Location : Dusun Laek, Desa Bengkilu, Kecamatan Tujuh Belas, Kabupaten Bengkayang, Kalimantan Barat, Indonesia.
On the second day after our arrival was the Nyabak’ng event or Nyobeng depending on the local dialect in deferent areas of Kalbar. At about 5pm, villagers started to gather around the ‘baluk’ or ‘baruk’ which looked like an ordinary square house on stilts and was where skulls were kept.
Village elders would prepare the elaborate offerings before the sounding of the long drum and gongs, signaling the commencement of the ritual.
As the tempo of the gong progressed to a very fast beat, the skulls were lowered from the baruk to the external altar to be bathed with coconut water and fed. During the sacrifice, one of the villagers suddenly got into a trance, shoving around violently and had to be subdued by his friends. Then suddenly the gong tempo glided to a more soothing one and everyone would be dancing to the rhythm in that unique style that only Dayaks can.
Yet all these flowed before our very eyes without any instructions from anyone, like everyone right from the gong ensemble to the ritual performers knew exactly what to do.
Despite the fact that we have attended many Nyobeng rituals in Gumbang, Padang Pan, Sebujit, Sujah, Segiring, Kadek and Tadan, Laek’s ritual gave me some moments of anxiety which I had never experienced before.
No mental preparation was available in the form of a program schedule because there was none. Visitors used to a structured lifestyle would be disappointed because they would never know what was going to come next. One just has to go along with the flow and always be ready with one’s camera for what’s to unfold. It would be short and hasty giving visitors no time to ponder what the hell was going on.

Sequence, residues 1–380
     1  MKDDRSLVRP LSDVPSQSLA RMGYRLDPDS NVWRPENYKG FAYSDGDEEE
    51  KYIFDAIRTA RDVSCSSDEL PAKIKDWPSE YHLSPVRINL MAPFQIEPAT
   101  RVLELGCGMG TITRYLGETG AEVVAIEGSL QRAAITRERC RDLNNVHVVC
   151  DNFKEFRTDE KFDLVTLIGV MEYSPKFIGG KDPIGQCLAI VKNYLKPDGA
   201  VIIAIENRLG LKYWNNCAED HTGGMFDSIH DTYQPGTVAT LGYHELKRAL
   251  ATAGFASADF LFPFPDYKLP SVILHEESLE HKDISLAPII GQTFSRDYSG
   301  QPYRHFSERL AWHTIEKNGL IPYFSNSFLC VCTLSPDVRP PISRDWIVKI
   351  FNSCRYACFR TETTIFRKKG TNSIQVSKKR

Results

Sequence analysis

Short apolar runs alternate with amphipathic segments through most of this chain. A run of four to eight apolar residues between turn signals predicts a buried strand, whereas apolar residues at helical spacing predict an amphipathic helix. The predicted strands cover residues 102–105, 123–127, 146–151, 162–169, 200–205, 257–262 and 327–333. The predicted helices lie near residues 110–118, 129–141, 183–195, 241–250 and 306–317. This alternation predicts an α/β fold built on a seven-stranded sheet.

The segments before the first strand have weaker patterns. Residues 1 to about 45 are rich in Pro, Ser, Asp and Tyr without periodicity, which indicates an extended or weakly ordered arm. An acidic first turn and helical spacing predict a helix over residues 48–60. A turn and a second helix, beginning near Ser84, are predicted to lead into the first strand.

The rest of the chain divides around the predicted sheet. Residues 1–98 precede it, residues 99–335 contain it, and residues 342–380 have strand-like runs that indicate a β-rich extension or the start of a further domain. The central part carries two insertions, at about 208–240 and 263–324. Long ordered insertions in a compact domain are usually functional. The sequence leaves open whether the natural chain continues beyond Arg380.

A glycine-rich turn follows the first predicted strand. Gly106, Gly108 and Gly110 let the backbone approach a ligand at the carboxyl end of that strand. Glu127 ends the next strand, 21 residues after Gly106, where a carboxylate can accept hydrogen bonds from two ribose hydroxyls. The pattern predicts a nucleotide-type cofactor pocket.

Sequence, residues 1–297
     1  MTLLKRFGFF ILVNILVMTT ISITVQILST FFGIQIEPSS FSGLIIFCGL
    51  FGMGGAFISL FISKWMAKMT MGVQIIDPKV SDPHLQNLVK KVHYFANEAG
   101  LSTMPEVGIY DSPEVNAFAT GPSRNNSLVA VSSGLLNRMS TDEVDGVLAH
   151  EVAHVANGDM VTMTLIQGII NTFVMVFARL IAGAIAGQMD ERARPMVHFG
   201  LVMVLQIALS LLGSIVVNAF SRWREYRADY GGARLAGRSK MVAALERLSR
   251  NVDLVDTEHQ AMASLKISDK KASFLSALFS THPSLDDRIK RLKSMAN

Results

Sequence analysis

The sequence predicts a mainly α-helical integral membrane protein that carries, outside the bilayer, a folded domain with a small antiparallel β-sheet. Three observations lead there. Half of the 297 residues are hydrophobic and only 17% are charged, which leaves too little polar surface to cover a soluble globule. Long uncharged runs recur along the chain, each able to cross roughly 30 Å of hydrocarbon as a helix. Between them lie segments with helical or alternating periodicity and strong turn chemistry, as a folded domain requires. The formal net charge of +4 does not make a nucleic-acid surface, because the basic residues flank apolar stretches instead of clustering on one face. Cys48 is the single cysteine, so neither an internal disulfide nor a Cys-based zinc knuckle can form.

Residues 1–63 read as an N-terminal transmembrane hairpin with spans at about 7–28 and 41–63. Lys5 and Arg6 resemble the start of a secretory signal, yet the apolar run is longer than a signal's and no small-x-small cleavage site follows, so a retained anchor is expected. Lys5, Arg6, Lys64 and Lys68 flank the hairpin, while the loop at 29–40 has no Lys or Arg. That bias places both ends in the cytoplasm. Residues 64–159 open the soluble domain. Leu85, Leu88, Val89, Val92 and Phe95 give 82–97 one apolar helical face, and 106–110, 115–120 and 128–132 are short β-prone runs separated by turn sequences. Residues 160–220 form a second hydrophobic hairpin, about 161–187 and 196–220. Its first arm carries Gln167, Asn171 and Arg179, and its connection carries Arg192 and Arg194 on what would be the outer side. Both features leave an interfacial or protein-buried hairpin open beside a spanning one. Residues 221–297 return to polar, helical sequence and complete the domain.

Unfortunately, before the event ended the looming dark clouds gave way and the villagers hurtled for cover. The sudden heavy rain spoilt the ending of an otherwise very interesting and different kind of Nyobeng we used to witness in other parts of Kalbar.
The spiritual presence here was undeniable. Those who know the village of Laek well have a lot of respect for their spiritual powers and it was here that the panglimas or Dayak spiritual warriors rose and ignited the Madura-Dayak conflict in 1997 into a full scale communal warfare resulting in hundreds of death and the destruction of property.
Don’t mess with these friendly timid fellas. Once their ancestors are summoned to empower them, their flying machetes or mandau terbang made many skeptics begged for their lives. They took no prisoners. Heads staked on road sides were the trophies of their war machine as witnessed in 1997. Old photos flashed at the back of my mind reminding me what a gentle looking tribe can transform into when pushed against the wall. But here we were among them in a friendlier time eating and drinking tuak on Gawai day. Next……Sambas town
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